”Waste heat” might not be such a waste after all. The excess heat produced in everything from microelectronics to large ship engines is generally thought of as a problem for engineers to solve. But a new leap in semiconductor technology funded by the Office of Naval Research could put that troublesome heat to good use.From the Office of Naval Research:Waste not, want not: Converting waste heat into electricity
”Waste heat” might not be such a waste after all. The excess heat produced in everything from microelectronics to large ship engines is generally thought of as a problem for engineers to solve. But a new leap in semiconductor technology funded by the Office of Naval Research could put that troublesome heat to good use.
Dr. Mihal Gross of ONR’s physical sciences division explains, ”With this class of semiconductors, when you have a temperature gradient you can generate electrical current. Or if you pass an electrical current through the material, you can get a temperature gradient for cooling.” An ONR-funded research group at Michigan State University led by Dr. Mercouri Kanatzidis has found the right combination of ultrapure lead, antimony, silver, and tellurium for a material (called LAST) that is significantly more efficient for high temperature power generation than existing thermoelectric materials. His work is described in the 6 February 2004 issue of Science.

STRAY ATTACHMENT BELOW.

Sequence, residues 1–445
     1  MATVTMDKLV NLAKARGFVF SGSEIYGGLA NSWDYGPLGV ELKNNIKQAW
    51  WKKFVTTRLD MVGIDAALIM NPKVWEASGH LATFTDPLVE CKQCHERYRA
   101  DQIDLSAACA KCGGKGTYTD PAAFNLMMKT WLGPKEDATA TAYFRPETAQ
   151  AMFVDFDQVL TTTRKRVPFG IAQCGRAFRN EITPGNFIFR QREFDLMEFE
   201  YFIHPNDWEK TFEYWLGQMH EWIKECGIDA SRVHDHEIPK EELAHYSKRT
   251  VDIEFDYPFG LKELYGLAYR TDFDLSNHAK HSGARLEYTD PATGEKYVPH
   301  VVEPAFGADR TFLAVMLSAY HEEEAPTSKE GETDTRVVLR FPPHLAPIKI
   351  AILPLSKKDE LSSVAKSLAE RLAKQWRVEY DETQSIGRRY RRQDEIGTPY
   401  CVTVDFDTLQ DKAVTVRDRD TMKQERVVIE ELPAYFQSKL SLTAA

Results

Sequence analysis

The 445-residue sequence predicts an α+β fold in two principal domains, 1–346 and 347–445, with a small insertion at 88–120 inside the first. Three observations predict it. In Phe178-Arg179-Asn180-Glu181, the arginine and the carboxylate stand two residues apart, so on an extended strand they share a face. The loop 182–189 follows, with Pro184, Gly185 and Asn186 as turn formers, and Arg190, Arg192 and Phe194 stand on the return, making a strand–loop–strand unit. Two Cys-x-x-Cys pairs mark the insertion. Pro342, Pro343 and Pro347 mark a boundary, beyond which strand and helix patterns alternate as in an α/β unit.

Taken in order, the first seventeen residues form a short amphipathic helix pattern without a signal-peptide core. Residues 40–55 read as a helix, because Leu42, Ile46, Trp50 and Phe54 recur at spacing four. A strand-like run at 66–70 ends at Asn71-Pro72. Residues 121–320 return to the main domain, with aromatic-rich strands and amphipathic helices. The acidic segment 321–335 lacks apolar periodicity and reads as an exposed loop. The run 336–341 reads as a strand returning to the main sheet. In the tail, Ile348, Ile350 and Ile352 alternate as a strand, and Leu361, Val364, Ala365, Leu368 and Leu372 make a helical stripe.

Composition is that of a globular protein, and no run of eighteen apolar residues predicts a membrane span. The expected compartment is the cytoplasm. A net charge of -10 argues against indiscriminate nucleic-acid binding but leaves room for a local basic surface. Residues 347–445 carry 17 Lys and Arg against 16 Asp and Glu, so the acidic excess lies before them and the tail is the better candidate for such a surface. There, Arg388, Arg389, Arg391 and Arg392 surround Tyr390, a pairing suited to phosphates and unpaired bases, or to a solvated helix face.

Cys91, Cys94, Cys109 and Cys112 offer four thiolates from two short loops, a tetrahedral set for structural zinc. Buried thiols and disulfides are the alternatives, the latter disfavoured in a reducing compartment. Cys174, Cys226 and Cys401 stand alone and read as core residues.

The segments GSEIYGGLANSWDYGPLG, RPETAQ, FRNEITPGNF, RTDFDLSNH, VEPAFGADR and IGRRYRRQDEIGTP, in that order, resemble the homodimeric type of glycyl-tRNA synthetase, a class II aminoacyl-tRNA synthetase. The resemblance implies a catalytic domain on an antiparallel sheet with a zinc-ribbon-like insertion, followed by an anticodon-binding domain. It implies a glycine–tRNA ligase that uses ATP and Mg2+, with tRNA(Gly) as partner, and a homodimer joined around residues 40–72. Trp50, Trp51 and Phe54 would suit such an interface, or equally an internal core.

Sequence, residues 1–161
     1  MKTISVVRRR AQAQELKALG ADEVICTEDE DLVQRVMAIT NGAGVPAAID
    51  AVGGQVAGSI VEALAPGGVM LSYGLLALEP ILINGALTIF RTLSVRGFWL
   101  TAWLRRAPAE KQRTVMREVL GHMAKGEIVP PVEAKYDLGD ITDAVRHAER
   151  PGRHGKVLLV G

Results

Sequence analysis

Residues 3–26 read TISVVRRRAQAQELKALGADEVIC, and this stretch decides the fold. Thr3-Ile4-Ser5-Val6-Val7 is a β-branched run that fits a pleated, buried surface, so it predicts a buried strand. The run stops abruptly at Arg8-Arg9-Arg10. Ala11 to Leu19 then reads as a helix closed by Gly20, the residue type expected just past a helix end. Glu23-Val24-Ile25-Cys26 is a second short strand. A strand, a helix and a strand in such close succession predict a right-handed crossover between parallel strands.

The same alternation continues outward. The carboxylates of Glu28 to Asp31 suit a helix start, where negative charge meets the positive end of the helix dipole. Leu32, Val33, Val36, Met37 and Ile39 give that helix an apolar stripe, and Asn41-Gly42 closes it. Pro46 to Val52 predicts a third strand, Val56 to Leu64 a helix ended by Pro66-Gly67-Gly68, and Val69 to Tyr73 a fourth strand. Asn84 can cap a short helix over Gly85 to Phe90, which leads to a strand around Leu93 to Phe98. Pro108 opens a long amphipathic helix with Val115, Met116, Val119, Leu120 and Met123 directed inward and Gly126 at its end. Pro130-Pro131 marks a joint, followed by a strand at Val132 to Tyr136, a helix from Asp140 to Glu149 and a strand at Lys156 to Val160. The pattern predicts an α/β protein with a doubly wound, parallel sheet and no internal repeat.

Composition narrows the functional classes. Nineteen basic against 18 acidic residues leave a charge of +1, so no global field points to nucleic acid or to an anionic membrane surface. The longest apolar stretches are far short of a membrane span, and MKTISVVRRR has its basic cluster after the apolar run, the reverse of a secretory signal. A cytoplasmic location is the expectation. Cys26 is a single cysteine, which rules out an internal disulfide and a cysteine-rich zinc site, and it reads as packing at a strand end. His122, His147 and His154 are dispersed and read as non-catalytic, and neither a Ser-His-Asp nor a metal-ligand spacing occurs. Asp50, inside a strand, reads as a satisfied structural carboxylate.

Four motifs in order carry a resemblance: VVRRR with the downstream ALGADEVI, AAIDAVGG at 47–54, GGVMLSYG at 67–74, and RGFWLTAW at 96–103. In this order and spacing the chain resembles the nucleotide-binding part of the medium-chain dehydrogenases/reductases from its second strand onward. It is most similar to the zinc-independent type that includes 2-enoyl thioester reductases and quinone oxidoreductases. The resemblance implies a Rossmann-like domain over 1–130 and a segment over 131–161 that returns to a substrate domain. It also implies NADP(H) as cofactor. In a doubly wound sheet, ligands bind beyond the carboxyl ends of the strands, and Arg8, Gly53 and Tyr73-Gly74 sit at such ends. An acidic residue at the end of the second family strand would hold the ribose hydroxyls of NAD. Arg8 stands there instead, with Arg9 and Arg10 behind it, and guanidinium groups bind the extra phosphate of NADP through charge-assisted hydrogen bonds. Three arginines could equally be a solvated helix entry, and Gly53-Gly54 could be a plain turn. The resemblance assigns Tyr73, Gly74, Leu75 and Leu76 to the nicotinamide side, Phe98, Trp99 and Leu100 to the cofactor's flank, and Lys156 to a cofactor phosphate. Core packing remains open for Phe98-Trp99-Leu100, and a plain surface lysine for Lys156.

”The Navy is looking at the material’s power generation potential,” says Gross, ”We have the potential to exploit regions on a ship or land vehicle where there is waste heat, and use it to produce electricity.” Because the material can be produced in bulk, its uses could one day include replacing today’s shipboard steam plants, which run generators, with solid state modules of LAST that would produce electricity directly.
Funded through a Multi-University Research Initiative (MURI), the Michigan State group has developed a fundamental understanding of the chemical properties needed to create the ideal material with high electrical conductivity but low thermal conductivity. The secret to the new material’s efficiency seems to be in the nanostructures within it that impede the flow of heat by introducing internal boundaries.